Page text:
Parents — Don’t Let COVID-19 Stress You Out

With everyone cooped up under the governor’s order and regular routines being destroyed, even the best behaved kids can start to act up, getting on your last nerve. To help parents manage frustrations great and small, the American Academy of Pediatrics shares a few tips to help:

Help kids with their fears.

Children who are old enough to follow the news may be afraid, for example, that they or their parents are going to die. Acknowledge the fear, and discuss all the things you are doing to stay healthy, such as washing hands and staying home to avoid germs.

Deflate the impulse to lash out.

Ask yourself these three questions before doing or saying anything: Does the problem represent an immediate danger? How will I feel about this problem tomorrow? Is this situation permanent? Usually, taking the time to answer these will help.

Call a time-out.

This discipline tool works best by warning kids they will get a time-out if they don’t stop, reminding them what they did wrong in as few words―and with as little emotion―as possible, and removing them from the situation for a pre-set length of time (1 minute per year of age is a good guide). Don’t yell or spank, because those are never effective discipline techniques.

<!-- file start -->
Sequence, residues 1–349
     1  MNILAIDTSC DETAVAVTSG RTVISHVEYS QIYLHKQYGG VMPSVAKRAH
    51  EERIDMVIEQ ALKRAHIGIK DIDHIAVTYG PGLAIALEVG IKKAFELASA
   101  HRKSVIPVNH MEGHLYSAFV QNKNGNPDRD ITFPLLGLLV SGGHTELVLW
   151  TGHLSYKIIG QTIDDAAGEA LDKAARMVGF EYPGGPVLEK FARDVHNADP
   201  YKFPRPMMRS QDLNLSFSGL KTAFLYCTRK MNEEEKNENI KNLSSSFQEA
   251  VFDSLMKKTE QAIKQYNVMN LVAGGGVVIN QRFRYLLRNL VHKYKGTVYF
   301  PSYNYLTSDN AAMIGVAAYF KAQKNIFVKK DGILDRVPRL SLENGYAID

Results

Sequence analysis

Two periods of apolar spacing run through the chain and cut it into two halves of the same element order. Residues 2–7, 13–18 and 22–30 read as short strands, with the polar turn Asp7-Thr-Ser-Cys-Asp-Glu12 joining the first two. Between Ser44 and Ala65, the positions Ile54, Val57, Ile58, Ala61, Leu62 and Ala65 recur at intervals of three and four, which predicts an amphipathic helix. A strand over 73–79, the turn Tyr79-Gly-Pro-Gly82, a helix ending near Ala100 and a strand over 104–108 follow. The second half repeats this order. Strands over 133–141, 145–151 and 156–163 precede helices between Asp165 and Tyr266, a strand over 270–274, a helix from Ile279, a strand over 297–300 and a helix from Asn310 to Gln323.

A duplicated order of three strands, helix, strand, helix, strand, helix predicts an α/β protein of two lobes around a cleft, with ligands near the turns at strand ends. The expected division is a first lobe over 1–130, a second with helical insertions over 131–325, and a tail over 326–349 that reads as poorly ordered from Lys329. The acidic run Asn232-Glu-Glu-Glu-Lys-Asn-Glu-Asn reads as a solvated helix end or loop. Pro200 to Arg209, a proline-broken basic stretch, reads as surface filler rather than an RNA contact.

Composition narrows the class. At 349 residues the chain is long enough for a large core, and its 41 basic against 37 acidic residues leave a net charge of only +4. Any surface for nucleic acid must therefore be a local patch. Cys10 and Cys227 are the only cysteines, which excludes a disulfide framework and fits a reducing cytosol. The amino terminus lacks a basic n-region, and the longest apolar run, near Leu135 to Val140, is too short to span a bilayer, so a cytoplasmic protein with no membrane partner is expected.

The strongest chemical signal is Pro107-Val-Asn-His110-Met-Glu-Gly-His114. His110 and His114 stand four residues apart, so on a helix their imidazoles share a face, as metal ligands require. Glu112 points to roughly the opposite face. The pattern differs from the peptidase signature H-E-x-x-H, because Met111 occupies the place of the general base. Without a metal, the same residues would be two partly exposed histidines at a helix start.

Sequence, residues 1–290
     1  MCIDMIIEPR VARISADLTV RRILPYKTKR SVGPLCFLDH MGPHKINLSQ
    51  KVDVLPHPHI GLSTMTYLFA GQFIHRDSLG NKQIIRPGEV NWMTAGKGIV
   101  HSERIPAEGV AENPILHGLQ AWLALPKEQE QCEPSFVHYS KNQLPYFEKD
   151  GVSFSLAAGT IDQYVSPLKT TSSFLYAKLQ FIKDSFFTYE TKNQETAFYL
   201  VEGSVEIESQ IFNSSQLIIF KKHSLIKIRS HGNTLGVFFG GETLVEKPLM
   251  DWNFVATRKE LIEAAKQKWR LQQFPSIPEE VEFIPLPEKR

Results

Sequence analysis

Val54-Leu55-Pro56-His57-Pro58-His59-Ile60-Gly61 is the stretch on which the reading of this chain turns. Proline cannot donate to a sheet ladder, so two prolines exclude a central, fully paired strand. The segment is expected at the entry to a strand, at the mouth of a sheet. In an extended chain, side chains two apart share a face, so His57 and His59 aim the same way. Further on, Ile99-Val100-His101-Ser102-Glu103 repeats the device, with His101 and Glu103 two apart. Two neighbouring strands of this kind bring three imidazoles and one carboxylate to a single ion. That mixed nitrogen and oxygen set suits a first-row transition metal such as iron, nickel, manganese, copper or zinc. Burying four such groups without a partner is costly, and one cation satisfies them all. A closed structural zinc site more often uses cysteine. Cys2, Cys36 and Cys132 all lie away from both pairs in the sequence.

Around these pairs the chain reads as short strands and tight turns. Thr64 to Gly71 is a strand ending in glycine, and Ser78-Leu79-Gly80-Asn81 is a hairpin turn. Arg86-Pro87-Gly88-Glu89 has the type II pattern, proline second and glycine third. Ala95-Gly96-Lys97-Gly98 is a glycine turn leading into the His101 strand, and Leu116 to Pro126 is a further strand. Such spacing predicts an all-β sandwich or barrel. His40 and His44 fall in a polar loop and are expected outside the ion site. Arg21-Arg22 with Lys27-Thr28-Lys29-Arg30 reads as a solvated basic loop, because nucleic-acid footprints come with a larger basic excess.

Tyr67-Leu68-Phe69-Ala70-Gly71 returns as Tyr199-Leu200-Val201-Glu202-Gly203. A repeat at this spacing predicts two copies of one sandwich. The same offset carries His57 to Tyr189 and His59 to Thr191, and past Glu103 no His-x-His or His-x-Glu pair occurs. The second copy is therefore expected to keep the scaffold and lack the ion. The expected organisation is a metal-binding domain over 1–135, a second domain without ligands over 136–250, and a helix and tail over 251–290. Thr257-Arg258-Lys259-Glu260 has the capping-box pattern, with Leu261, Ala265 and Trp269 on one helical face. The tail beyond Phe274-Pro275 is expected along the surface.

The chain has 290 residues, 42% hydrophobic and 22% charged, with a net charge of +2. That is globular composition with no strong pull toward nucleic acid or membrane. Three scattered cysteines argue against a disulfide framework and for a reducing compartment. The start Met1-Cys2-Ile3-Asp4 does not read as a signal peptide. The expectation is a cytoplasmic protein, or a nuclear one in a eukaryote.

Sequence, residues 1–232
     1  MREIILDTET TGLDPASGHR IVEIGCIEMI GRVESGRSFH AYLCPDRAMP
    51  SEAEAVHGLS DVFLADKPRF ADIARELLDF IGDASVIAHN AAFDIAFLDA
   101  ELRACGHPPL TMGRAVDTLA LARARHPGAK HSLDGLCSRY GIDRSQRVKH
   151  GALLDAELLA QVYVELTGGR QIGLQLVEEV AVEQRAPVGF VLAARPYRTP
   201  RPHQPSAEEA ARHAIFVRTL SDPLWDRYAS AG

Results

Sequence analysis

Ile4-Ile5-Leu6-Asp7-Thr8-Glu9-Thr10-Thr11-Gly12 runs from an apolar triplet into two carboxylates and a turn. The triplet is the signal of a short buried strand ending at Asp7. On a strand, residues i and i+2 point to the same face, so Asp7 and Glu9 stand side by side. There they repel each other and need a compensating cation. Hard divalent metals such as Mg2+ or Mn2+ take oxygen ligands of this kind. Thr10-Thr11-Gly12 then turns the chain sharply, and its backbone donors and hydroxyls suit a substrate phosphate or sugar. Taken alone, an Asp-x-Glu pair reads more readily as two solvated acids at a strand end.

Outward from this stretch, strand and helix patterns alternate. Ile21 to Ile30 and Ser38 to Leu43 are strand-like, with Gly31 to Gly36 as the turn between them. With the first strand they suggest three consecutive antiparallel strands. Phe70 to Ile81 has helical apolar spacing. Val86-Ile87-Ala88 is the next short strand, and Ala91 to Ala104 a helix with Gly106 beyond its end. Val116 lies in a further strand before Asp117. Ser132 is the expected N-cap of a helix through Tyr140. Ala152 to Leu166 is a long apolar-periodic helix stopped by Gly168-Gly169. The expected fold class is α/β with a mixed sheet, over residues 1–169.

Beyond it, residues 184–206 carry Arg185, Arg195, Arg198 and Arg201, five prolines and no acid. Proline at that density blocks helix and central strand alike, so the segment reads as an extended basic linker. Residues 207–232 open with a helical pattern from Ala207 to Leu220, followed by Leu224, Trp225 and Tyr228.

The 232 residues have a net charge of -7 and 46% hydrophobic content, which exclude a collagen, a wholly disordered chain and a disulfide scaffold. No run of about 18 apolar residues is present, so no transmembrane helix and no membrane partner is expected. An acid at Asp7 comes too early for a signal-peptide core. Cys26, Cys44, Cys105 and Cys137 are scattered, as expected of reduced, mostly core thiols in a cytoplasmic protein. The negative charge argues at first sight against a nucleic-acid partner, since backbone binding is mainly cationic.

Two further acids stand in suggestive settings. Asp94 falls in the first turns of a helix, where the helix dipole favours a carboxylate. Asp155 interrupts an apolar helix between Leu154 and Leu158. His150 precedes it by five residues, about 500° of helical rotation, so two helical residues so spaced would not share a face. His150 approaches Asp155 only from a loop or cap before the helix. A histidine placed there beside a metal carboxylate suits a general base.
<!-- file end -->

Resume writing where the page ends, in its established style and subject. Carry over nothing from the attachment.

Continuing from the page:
Catch them being good. 

Notice good behavior and point it out, praising success and good tries. This is particularly important in these difficult times, when children are separated from their friends and usual routines.

Know when not to respond.

As long as your child isn’t doing something dangerous and gets plenty of attention for good behavior, ignoring bad behavior can be an effective way of stopping it. Ignoring bad behavior also can teach children natural consequences of their actions. For example, if your child keeps dropping his food on purpose, he soon will have no more crackers left to eat. 

Give them your attention.

The most powerful tool for effective discipline is attention. When parents are trying to work at home, this can be particularly challenging. Clear communication and setting expectations can help, particularly with older children.

Don’t forget self-care.

Take care of yourself physically: eat healthy, exercise, and get enough sleep. Maintain connections to friends, family, and others in their community who can offer a critical support network by phone or video. 

“During this time of understandable anxiety, give back and reach out to other parents when they need support,” says AAP President Sara “Sally” H. Goza, MD, FAAP, in a news release. “If someone calls you frustrated about a crying baby or screaming toddler, offer to help.”


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